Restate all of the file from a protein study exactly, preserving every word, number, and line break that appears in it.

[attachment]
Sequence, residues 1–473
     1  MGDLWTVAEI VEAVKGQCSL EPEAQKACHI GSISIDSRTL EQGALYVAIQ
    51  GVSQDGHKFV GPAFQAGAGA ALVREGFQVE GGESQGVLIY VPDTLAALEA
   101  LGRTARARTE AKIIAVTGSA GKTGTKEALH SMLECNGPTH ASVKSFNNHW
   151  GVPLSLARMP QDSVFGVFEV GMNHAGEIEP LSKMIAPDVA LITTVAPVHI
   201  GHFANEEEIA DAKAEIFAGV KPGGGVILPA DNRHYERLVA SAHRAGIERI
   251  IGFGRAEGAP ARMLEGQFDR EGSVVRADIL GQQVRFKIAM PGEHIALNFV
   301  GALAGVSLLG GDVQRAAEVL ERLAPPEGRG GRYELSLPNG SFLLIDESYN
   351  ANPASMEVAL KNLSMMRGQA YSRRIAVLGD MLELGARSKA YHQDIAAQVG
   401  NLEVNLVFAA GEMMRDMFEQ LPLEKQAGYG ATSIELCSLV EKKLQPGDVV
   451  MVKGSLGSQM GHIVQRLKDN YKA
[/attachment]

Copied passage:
Sequence, residues 1–473
     1  MGDLWTVAEI VEAVKGQCSL EPEAQKACHI GSISIDSRTL EQGALYVAIQ
    51  GVSQDGHKFV GPAFQAGAGA ALVREGFQVE GGESQGVLIY VPDTLAALEA
   101  LGRTARARTE AKIIAVTGSA GKTGTKEALH SMLECNGPTH ASVKSFNNHW
   151  GVPLSLARMP QDSVFGVFEV GMNHAGEIEP LSKMIAPDVA LITTVAPVHI
   201  GHFANEEEIA DAKAEIFAGV KPGGGVILPA DNRHYERLVA SAHRAGIERI
   251  IGFGRAEGAP ARMLEGQFDR EGSVVRADIL GQQVRFKIAM PGEHIALNFV
   301  GALAGVSLLG GDVQRAAEVL ERLAPPEGRG GRYELSLPNG SFLLIDESYN
   351  ANPASMEVAL KNLSMMRGQA YSRRIAVLGD MLELGARSKA YHQDIAAQVG
   401  NLEVNLVFAA GEMMRDMFEQ LPLEKQAGYG ATSIELCSLV EKKLQPGDVV
   451  MVKGSLGSQM GHIVQRLKDN YKA